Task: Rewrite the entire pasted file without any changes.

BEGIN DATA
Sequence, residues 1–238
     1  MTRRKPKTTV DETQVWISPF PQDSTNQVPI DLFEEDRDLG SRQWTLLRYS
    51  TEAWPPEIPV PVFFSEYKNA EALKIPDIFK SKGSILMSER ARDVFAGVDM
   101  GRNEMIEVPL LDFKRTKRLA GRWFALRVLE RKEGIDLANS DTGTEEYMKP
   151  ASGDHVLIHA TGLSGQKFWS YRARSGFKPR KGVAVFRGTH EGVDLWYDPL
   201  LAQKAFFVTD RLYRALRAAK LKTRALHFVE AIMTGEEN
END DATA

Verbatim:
Sequence, residues 1–238
     1  MTRRKPKTTV DETQVWISPF PQDSTNQVPI DLFEEDRDLG SRQWTLLRYS
    51  TEAWPPEIPV PVFFSEYKNA EALKIPDIFK SKGSILMSER ARDVFAGVDM
   101  GRNEMIEVPL LDFKRTKRLA GRWFALRVLE RKEGIDLANS DTGTEEYMKP
   151  ASGDHVLIHA TGLSGQKFWS YRARSGFKPR KGVAVFRGTH EGVDLWYDPL
   201  LAQKAFFVTD RLYRALRAAK LKTRALHFVE AIMTGEEN